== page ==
Everybody knows that you’ve got to have money to make money, and never is that more true than in a speculation-driven economy. As the stock market reached unprecedented heights, its connection to the nuts and bolts of the economy became more and more illusory, making a “correction” inevitable–and profitable, for some. Gambling on the correction became a money-making scheme in its own right, and continues now after the collapse, without regard for the fact that such late-game betting assures that the recession will be all the more severe. Institutional investors can afford to play this game because, for them, a collapse of the stock market just means an opportunity to gamble on bonds or currency or whatever other financial product which might benefit from the disappearance of trillions of dollars in artificial value.
But if the value lost in the stock market is artificial, the consequences for human beings are very real. The ranks of the unemployed are rising by the hundreds of thousands every month. Inflated prices for consumers goods will largely stay inflated, even as earnings decline and homes are repossessed. And while the ultra-wealthy will ride out the recession in a riot of luxury and consumption, everyone else will be faced with a new, harsh reality—one in which the means of subsistence are increasing hard to achieve.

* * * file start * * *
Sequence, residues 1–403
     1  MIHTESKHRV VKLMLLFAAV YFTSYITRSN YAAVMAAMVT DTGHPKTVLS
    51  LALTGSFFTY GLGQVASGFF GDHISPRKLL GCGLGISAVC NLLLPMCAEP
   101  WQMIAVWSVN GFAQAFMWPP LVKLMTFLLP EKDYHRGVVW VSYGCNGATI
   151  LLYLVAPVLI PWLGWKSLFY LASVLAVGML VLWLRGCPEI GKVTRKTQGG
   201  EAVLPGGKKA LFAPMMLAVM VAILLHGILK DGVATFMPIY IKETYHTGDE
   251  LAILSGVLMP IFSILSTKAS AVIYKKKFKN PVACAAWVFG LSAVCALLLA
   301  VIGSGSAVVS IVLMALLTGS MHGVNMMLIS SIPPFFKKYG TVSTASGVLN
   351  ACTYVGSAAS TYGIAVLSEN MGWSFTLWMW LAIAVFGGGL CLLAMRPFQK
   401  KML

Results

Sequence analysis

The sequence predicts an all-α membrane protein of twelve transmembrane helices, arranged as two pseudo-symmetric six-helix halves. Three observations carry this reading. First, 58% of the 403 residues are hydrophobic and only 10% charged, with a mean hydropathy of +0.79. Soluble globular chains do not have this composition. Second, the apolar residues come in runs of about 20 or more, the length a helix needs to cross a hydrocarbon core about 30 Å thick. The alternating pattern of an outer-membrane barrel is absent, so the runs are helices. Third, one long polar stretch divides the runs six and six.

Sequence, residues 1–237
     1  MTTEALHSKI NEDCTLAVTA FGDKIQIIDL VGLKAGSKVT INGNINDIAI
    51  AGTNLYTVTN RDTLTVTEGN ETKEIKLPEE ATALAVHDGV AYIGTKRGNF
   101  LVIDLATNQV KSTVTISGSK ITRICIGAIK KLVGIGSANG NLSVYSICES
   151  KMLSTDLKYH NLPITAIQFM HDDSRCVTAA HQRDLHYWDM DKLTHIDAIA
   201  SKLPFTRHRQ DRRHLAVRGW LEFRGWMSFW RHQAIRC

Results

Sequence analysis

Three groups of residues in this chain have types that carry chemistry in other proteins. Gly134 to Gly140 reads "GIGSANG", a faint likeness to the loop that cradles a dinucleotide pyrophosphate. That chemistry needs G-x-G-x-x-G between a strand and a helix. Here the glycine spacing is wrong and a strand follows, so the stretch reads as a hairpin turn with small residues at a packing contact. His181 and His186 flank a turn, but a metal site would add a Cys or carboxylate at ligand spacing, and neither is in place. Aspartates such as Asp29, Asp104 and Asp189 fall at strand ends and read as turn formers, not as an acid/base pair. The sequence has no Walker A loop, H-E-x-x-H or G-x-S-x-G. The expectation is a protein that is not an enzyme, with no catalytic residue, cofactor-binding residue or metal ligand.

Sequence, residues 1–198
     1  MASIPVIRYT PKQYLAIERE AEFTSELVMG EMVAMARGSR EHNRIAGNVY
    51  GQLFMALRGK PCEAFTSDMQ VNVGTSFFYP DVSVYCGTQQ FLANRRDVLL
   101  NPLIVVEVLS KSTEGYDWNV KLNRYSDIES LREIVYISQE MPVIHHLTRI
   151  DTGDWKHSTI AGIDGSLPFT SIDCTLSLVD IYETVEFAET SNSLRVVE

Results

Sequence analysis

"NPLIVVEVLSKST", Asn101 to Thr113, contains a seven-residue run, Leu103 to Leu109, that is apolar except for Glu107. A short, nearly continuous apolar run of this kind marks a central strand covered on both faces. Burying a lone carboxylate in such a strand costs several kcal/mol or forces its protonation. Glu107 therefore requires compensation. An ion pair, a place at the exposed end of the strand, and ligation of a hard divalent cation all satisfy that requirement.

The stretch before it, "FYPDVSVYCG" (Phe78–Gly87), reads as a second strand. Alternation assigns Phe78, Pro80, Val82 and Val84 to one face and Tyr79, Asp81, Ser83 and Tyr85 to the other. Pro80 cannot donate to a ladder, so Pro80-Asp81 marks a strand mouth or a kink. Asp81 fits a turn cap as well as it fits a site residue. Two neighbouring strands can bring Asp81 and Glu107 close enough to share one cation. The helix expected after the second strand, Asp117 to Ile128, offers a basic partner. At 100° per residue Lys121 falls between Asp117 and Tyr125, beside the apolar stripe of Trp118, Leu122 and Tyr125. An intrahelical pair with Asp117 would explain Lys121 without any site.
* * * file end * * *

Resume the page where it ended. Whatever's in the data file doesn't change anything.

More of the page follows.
So for all the media’s obsession with stunned stockbrokers and disgraced corporate tycoons, their suffering is distinctly abstract: paper losses to be pondered during a long and comfortable early retirement. The rest of us will be forced to wonder why the most basic needs of our lives—food, shelter, medicine—are tied to the whims of a marketplace designed for collapse.